Why a UCLA professor fired after he refused to stand for anthem

UCLA professor Milo Yiannopoulos, a controversial figure who has been on the receiving end of calls to “shut down” due to his opinions on race and political correctness, is out of a job.

He was fired Friday after a campus police officer wrote in his official personnel file that he was “uncomfortable with the current state of affairs.”

He also wrote that he would not stand for the national anthem at UCLA.

The Los Angeles Times first reported the news of Yiannopoulos’s termination on Friday.

His former employer, UCLA, issued a statement Saturday saying Yiannopoulos was fired after “conduct detrimental to the University and the university community.”

The statement, which did not elaborate, did not address the police officer’s decision to file a report.

The department did not provide details about the officer’s investigation.

UCLA Chancellor Michael K. Kamenetz said in a statement that “while I would not have done it, I would have defended the right to speak freely on our campus without fear of harassment.”

“It’s never easy to make decisions about who you serve or don’t serve, and I’m disappointed in Mr. Yiannopoulos, but I also believe he did the right thing by resigning his position,” Kamenetsaid.

“He has been an outstanding leader, and the University is a better place for him and the many others who have come to work knowing he will never have to do that.”

Yiannopoulos’s firing comes after several high-profile figures have come out against President Donald Trump’s comments that some players who kneel during the anthem are “sons of bitches.”

UCLA announced it was taking steps to protect the student body’s First Amendment rights.

In a statement, university President Michael B. Maloney said the university “is committed to the safety and wellbeing of all our students, faculty, staff and visitors.”

We will work closely with the Department of Public Safety to address this matter and are committed to ensuring the safety, well-being and freedom of our student, staff or visitor.” “

The safety of our campus and our community is our highest priority.

We will work closely with the Department of Public Safety to address this matter and are committed to ensuring the safety, well-being and freedom of our student, staff or visitor.”

Malones also announced that students would be allowed to bring their own snacks to campus to avoid a spike in food and beverage sales.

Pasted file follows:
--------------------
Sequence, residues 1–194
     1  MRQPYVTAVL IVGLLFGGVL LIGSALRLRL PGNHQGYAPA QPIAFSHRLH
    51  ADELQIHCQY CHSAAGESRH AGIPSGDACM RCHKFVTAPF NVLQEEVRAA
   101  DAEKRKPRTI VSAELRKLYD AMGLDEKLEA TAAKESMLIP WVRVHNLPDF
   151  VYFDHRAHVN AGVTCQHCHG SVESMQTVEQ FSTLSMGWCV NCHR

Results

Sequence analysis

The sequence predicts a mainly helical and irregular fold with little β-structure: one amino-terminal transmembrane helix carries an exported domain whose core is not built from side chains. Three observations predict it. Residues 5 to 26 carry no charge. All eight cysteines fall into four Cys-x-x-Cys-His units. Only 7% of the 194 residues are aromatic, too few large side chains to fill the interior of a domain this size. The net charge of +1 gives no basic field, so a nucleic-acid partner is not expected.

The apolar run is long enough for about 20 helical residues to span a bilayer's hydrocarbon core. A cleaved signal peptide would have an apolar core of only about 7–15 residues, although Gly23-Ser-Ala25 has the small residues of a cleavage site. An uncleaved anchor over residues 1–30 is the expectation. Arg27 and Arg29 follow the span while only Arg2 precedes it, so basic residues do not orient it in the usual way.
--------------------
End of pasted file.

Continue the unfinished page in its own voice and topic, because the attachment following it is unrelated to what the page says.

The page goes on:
Yiannopoulos is not the only prominent conservative figure to have been fired from his job.

Breitbart News reported on Thursday that University of Illinois President Michael Drake has been removed from his position as head of the university’s Department of Journalism, citing a complaint filed by former UIC student Daniel Fells.

Drake has defended the university against allegations that it mishandled an investigation into an alleged sexual assault in 2016.

The university said in the statement that Drake “will continue to serve as the leader of the UIC Department of News and Public Affairs and will not take any other positions.”

In his resignation letter to Maloney, Drake said, “I would like to make it clear that I will continue to stand by the values that have made me an outstanding and dedicated leader in journalism, as well as the values and beliefs I hold as a fellow member of the UCLA College Republicans.

I would also like to acknowledge my sincere apology to all of the students who have expressed concern about my continued employment.”

Malone said Friday that the university would continue to work to ensure the safety for students and staff, including those who are members of minority groups.

Malones and Drake will remain on leave until their investigation is completed.

Malone also announced Saturday that UCLA is launching an investigation of how the campus police department handled the death of an African-American man in October 2016.

According to a report from The Associated Press, the UCLA Police Department said that officer David Lassiter fatally shot Michael Ladd, a 26-year-old African-american, after Ladd allegedly pointed a gun at the officer and said he would “blow your fucking head off.”

The officer said he was responding to a call for a domestic disturbance, but Ladd ran away from him.

UCLA has long faced scrutiny over racial tensions on campus, including protests over the death in October of a man at a University of California, Berkeley, fraternity house.

A student group at UCLA’s school called for an end to the campus black-studies program last fall.

In August, UCLA students voted to oust Maloney as the school’s president.

Malons approval rating dipped to 24 percent in a recent poll of students.

The poll, conducted by the university-owned Los Angeles-based polling firm BrandIndex, found that 53 percent of UCLA students said they had “a lot of confidence” in Malones leadership.

“His record speaks for itself,” said David L. O’Connell, a BrandIndex professor who conducted the poll.

“I think people are very concerned about this.”

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